Given the frequency with which Immigration, Refugees and Citizenship Canada (“IRCC“) updates its checklists, forms and website
it is not surprising that people often find some of IRCC’s content to be
The Federal Court of Canada, citing rule of law principles, has stated that where IRCC content is objectively unclear that flexibility is required. In Lim v. Canada (Minister of Citizenship and Immigration), 2005 FC 657, Justice von Finkenstein stated that:
The actions of CIC in this instance lack common sense. As Muldoon J. so aptly put it in Taei v. Canada (Minister of Employment and Immigration),  F.C.J. No. 293 (dealing with a refugee claim rather than a live-in caregiver) “(t)he rule of law does not require that statutes be read and interpreted in a robotic mindless manner. Common sense has not been abolished either by the Charter or by statute”. It is also useful to recall the admonition of Jerome A.C.J. in Thakorlal Hajariwala v. M.E.I.  2 F.C. 79 that ” the purpose of the statute [then the Immigration Act which is now the Immigration and Refugee Protection Act] is to permit immigration, not to prevent it.”
In Jalota v. Canada (Citizenship and Immigration), 2013 FC 1176, Justice Phelan criticized IRCC for refusing a restoration of student status application because the applicant did not provide financial documents, even though the checklist did not mention such a requirement. Justice Phelan stated:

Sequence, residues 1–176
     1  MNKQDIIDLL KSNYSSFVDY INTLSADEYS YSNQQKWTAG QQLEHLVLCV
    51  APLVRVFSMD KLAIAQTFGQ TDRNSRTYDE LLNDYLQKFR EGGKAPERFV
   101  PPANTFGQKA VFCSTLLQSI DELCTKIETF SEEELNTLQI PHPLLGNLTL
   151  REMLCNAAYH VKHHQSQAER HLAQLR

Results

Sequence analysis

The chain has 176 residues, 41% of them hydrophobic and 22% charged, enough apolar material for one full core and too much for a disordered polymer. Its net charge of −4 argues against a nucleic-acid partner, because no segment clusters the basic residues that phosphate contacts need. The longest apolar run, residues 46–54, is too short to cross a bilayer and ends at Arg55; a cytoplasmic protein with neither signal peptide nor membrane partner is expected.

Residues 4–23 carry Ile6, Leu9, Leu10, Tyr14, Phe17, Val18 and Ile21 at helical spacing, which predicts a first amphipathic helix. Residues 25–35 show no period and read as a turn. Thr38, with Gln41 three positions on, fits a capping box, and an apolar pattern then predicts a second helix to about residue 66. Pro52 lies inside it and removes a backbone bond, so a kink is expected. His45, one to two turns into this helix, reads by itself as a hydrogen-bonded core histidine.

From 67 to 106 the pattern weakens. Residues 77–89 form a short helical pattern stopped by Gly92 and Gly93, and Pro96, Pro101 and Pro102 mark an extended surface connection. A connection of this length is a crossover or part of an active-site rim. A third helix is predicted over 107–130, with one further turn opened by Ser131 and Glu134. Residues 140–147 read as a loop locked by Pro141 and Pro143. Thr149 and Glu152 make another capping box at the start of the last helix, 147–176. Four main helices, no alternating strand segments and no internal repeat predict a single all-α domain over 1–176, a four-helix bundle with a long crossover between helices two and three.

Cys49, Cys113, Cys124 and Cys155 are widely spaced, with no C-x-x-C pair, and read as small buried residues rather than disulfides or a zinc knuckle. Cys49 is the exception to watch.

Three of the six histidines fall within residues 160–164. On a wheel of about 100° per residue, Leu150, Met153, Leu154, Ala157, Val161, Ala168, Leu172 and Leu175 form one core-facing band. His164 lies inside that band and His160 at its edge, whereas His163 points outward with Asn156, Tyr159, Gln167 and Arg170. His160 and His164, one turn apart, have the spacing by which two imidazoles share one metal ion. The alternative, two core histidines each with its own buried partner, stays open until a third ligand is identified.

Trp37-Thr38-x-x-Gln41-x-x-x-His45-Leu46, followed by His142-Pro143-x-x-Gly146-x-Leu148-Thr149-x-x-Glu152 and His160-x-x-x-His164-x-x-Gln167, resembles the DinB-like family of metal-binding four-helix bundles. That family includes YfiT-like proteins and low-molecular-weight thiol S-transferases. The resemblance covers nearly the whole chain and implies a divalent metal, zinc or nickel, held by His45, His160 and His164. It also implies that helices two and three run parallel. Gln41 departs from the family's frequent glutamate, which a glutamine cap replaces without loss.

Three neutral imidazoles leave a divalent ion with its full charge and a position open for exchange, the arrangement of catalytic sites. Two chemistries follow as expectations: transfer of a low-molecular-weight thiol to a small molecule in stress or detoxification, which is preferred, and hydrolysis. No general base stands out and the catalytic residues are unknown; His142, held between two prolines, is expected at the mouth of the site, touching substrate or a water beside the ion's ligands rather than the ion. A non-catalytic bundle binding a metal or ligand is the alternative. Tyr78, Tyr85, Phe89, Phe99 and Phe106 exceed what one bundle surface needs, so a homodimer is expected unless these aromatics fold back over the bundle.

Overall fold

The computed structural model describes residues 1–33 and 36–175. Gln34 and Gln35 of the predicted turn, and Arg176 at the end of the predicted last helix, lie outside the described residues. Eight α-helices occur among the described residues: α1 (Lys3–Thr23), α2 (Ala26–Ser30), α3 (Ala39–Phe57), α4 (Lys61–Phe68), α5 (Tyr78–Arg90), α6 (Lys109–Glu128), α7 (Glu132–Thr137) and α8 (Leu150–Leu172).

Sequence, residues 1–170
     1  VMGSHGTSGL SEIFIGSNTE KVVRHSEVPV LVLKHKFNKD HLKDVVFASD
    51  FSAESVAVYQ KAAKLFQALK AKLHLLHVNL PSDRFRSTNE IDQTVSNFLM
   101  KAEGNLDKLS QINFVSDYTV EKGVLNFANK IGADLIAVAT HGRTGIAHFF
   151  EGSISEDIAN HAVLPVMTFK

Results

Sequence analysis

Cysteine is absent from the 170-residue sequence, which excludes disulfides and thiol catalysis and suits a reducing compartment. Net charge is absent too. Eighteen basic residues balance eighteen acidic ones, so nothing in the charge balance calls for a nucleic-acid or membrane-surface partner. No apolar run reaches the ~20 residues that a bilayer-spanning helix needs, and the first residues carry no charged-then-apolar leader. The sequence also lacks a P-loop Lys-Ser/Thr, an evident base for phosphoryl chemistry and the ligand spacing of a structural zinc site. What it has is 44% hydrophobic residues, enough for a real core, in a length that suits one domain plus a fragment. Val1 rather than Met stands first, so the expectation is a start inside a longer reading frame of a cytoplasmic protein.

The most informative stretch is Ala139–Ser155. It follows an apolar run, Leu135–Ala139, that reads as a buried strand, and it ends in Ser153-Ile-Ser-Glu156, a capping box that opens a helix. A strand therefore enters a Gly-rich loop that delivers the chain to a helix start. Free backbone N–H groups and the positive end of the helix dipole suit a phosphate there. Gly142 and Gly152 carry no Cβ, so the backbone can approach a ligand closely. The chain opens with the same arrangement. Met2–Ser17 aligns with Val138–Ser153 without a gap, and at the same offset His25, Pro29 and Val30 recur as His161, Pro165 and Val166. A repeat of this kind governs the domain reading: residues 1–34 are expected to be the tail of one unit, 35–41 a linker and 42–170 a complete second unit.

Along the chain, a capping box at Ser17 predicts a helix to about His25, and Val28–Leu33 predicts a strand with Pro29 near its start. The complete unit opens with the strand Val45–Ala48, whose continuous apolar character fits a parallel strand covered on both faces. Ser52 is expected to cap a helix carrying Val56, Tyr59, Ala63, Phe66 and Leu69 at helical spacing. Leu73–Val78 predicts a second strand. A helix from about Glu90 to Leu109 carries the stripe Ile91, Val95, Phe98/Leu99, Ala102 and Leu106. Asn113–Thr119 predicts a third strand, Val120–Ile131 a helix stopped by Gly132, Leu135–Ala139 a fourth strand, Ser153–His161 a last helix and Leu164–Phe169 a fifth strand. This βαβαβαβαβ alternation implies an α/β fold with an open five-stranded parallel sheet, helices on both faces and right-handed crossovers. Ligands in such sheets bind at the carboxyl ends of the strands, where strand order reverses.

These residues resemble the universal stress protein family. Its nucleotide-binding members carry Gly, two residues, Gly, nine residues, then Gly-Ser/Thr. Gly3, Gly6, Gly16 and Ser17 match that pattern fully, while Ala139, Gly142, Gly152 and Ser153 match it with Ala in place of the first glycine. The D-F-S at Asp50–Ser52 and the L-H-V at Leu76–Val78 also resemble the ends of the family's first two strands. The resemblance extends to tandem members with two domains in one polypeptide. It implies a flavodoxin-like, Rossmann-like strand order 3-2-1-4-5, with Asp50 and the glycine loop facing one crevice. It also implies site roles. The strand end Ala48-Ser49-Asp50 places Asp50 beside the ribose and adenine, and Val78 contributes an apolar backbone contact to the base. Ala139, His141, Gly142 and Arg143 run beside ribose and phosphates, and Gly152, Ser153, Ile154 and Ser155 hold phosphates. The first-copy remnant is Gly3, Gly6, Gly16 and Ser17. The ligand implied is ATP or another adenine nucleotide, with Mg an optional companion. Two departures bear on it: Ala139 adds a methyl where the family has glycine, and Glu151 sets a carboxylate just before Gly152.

The Respondent’s own checklist does not ask for any financial information per se as part of a restoration application, although it is listed as a requirement for study permit applications. For restoration applications, the key requirement is production of the documents related to loss of status. If the Respondent wished to have financial or other documents, it should have asked for them either in the Checklist or by additional request. Any confusion in the Checklist lies at the feet of the Respondent and it is a further breach of procedural fairness to have a misleading document supplied to the public.